I recently exchanged emails with a Chef from California who wanted to know what I fed to my cattle. His genuine interest in what the cattle in my feedyard eat leads me to think that perhaps you all would be interested as well.
So, what do I feed to my cattle?
- Wet Distillers Grains: Wet Distillers Grains is a co-product of Corn-based Ethanol Production Plants. It is the part of the corn kernel that is left once the ethanol is harvested, and it is a GREAT feed for cattle. It is easily digestible by the rumen, and makes a very palatable and healthy basis for the cattle’s diet.
- Rolled Corn Kernels: Corn kernels are the seed of the corn plant. We roll the seed to crack its shell so that the resulting product is easier for our cattle to digest. The corn kernels are harvested from the corn plant during the fall months after the plant is mature. We use a machine called a combine to harvest the corn kernels. Now that we feed Wet Distillers Grains, we do not feed nearly as many rolled corn kernels as we used to.
- Ground corn stalks and roughage: The part of the corn plant that is left after the kernel is harvested is called corn stalks. We harvest the corn stalks to grind up and feed to our cattle. We swath or mow down the corn stalks and then roll them into bales to store them until we grind them into roughage to feed to our animals.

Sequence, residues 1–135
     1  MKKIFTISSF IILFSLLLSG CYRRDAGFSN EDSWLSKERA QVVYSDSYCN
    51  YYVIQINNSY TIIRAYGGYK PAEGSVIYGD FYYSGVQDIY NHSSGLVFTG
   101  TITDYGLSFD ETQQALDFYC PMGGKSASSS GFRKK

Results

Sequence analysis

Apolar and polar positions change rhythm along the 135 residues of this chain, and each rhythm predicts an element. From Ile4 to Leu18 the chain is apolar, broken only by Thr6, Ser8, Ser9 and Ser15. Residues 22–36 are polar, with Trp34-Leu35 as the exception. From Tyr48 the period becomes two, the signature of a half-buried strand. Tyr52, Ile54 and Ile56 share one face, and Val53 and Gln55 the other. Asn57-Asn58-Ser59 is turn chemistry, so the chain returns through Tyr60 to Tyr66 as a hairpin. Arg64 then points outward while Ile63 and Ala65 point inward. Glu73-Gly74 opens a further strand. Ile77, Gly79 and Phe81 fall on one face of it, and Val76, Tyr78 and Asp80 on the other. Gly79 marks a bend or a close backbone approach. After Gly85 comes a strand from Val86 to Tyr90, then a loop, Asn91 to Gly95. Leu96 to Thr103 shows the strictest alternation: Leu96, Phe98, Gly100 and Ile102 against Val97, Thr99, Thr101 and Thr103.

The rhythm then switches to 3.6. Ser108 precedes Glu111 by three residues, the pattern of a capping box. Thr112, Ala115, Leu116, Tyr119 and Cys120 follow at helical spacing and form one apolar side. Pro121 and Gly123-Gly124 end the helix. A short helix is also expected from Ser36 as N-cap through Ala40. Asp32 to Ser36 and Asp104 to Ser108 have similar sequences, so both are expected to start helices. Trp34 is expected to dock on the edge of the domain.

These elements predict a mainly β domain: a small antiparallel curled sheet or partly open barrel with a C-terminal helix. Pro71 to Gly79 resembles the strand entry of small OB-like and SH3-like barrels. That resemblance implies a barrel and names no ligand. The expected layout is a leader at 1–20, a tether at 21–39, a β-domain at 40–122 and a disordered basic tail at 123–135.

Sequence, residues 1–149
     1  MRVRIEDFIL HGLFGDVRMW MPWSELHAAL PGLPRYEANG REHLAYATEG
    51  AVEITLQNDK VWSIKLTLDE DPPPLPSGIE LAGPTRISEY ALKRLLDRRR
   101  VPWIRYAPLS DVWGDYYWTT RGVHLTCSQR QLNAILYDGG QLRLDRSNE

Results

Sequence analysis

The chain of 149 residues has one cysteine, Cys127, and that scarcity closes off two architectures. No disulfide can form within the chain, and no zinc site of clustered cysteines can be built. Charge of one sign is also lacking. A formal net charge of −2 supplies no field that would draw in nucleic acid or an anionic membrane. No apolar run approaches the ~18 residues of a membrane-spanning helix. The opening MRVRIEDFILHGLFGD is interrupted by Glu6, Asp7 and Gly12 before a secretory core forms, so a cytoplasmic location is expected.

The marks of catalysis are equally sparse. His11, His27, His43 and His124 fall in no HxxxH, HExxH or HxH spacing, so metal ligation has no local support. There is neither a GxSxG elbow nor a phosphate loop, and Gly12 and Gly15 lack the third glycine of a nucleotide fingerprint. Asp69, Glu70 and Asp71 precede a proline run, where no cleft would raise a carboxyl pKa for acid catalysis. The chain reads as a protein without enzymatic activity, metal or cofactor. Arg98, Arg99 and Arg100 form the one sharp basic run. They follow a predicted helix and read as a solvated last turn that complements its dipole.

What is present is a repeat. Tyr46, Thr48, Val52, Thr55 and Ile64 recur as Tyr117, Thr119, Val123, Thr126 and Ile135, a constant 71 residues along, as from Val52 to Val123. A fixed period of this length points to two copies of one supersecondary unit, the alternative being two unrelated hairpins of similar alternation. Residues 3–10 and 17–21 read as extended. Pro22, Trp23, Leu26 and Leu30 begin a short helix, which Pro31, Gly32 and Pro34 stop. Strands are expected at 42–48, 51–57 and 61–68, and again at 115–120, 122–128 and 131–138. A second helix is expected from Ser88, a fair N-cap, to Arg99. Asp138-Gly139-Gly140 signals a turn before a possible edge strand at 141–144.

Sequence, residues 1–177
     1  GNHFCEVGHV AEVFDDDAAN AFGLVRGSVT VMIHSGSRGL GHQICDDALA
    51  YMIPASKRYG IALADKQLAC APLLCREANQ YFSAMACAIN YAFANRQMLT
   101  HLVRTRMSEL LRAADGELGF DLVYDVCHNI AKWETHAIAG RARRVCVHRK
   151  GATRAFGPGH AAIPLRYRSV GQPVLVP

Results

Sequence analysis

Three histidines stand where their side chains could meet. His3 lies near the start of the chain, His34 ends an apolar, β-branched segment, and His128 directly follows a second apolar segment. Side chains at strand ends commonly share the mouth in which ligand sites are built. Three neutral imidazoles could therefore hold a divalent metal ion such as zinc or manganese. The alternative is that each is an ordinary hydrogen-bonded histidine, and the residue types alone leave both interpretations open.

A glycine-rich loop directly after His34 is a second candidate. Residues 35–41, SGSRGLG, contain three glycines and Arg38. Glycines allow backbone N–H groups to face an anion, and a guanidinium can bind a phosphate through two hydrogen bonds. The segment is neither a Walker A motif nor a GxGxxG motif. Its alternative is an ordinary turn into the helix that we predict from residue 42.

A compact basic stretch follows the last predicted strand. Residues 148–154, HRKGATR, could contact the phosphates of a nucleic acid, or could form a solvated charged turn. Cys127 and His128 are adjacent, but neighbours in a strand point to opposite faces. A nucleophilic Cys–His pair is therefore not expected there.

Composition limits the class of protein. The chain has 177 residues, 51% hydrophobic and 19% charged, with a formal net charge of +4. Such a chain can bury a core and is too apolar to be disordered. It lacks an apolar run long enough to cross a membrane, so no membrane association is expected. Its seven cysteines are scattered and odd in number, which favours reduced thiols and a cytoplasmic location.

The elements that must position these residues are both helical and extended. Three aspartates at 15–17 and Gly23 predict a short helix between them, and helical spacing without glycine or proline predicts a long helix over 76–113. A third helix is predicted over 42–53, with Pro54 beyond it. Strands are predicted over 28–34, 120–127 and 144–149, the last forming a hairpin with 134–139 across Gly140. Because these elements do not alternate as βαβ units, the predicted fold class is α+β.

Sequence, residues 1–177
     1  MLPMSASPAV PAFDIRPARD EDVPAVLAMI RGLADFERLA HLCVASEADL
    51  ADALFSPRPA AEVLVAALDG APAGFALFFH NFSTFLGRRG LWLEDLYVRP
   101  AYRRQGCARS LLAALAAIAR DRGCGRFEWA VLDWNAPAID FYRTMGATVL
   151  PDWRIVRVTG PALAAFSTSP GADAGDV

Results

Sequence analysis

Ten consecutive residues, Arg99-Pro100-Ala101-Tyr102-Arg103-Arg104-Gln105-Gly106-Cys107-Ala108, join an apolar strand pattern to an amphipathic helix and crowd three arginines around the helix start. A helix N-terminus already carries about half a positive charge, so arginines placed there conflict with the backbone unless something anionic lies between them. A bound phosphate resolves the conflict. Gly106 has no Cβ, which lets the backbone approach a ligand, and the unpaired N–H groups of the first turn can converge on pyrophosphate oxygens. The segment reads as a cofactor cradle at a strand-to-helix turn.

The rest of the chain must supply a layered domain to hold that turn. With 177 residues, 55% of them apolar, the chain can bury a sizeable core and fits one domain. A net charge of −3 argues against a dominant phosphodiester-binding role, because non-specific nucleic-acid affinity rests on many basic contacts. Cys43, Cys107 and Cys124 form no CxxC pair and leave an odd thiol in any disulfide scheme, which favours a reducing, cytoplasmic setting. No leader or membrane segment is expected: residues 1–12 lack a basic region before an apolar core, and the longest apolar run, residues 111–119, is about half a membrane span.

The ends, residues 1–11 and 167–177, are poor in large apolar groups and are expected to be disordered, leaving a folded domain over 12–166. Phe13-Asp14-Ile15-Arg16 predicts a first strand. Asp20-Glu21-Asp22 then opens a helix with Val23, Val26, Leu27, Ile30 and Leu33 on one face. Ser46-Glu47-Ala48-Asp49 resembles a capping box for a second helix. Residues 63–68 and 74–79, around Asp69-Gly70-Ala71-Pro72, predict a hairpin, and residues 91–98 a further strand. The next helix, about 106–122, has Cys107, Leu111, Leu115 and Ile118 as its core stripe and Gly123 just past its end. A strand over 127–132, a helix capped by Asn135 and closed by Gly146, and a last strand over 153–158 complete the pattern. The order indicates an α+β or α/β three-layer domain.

- Ground Alfalfa Hay: Alfalfa is a perennial legume that grows easily in the Platte River Valley where I live. We swath the alfalfa with a huge “lawn mower’ type harvester and then bale it for storage purposes much like the corn stalks. When we are ready to feed the alfalfa to our cattle then we grind it up into pieces just like the corn stalks.
- Mineral Supplement Pellet: My ruminant nutritionist formulates the diet of my cattle and also the make up of a mineral supplement pellet. This pellet carries trace minerals that the animals need to remain healthy. Trace minerals are important for the maintenance of a healthy immune system. The pellet also contains rumensin and tylan. I will blog more about both rumensin and tylan in future blogs.
So, our complete ration is a combination of corn kernels and wet distillers grains, forage (both alfalfa and corn stalks), and a trace mineral supplement pellet. I want to point out that corn is actually a grass, and is not an “unnatural” feed for cattle. We feed the entire corn plant (both the seed kernels and the corn stalks) to provide a blend of corn and forage.